Code blocks are wrapped in 3 backticks. A language can be added immediately after the first set of back ticks to provide syntax highlighting for the language. A title of the file can be added after the language. Line highlighting can be included in the code block by commenting highlight-line, or highlight-start followed by a highlight-end.

```javascript:title=gatsby-config.js
// In your gatsby-config.js
plugins: [
{
resolve: `gatsby-transformer-remark`,
options: {
plugins: [
`gatsby-remark-prismjs`
],
},
},
]
```

In order to demonstrate how to use code blocks in a doc without your triple backticks being styled and formatted automatically (just like the example above), you can wrap a set of triple backticks in quadruple backticks like this:

````
```javascript:title=gatsby-config.js
// In your gatsby-config.js
plugins: [
{
resolve: `gatsby-transformer-remark`,
options: {
plugins: [
`gatsby-remark-prismjs`
],
},
},
]
```
````

Sample

The above code block is rendered like this:

gatsby-config.js
// In your gatsby-config.js
plugins: [
{
resolve: `gatsby-transformer-remark`,
options: {
plugins: [
`gatsby-remark-prismjs`
],
},
},
]

Line numbers and line highlighting can be added to code blocks as well, and is explained in detail in the gatsby-remark-prismjs README.

Styling components on Gatsbyjs.org with Theme-UI

Styles on the site are applied using Theme-UI, which allows for theming across the site based on design tokens (also called variables).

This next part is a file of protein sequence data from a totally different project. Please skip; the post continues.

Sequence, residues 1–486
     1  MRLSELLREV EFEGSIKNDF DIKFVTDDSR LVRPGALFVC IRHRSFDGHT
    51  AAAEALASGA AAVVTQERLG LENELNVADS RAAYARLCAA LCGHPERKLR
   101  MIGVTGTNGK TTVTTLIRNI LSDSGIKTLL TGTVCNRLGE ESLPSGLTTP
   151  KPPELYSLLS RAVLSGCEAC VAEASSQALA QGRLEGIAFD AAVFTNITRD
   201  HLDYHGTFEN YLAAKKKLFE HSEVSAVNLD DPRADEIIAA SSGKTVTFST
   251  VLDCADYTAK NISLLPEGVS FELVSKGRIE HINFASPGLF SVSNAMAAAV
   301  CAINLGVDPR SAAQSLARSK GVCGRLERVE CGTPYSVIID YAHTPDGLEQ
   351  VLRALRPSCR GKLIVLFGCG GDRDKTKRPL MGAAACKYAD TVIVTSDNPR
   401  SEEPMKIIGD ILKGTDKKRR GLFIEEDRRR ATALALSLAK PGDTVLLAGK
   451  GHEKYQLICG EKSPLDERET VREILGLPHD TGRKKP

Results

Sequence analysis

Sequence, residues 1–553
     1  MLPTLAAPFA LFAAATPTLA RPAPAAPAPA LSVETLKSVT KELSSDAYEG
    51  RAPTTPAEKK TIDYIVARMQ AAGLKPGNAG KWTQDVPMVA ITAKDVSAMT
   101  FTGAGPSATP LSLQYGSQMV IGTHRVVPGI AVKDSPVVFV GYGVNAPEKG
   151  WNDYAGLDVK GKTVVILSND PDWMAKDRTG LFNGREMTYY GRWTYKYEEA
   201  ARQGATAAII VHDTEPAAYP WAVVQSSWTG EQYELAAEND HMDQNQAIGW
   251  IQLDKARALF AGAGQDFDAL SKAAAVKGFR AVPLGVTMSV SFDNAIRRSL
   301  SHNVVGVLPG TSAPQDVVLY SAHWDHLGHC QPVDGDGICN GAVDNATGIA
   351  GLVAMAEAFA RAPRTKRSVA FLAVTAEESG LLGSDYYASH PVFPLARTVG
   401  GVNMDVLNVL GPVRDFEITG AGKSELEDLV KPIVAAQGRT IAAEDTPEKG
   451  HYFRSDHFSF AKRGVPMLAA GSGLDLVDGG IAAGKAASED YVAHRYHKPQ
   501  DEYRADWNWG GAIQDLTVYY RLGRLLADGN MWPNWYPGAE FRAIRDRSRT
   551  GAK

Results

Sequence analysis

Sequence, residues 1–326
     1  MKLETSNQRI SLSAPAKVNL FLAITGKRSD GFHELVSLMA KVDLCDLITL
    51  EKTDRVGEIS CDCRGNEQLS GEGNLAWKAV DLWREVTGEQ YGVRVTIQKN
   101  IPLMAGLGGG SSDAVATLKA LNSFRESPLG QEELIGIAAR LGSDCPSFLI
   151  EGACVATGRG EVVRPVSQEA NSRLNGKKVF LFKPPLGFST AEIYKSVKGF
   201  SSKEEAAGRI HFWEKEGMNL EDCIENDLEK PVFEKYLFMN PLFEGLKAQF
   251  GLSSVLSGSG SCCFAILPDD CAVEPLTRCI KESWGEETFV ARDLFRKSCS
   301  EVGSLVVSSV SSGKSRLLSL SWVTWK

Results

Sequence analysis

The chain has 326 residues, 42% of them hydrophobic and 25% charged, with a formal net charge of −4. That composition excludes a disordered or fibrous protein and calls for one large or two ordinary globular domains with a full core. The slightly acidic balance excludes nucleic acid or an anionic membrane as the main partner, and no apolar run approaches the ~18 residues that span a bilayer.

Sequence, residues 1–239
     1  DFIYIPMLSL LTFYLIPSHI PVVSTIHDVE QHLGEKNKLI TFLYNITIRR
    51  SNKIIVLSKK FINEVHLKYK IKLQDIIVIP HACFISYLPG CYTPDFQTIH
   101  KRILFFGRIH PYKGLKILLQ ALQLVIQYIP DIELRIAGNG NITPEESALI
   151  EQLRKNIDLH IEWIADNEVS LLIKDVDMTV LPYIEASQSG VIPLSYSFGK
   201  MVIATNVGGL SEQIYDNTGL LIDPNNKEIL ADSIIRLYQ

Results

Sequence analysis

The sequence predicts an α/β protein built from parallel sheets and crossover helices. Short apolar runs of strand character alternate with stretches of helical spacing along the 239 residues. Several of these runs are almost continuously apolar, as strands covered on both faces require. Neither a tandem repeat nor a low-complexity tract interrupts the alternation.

Design tokens

Design tokens are used to consolidate the number of colors and style attributes that are applied to components throughout the site. By limiting the styles that can be applied, the site stays consistent with the guidelines for color, typography, spacing, etc.

Tables listing design tokens that are used on the site can be found in the design guidelines.

The sx prop

The sx prop from Theme-UI allows you to access theme values to style elements and components, it should be used wherever possible. The prop is “enabled” by adding theme-ui’s JSX pragma at the top of a js file.

It is still okay to directly import tokens, e.g. mediaQueries or colors directly from www/src/gatsby-plugin-theme-ui if it helps your specific use case — for example when global CSS is required, when passing theme values to other libraries or plugins, when authoring complex responsive styles, etc.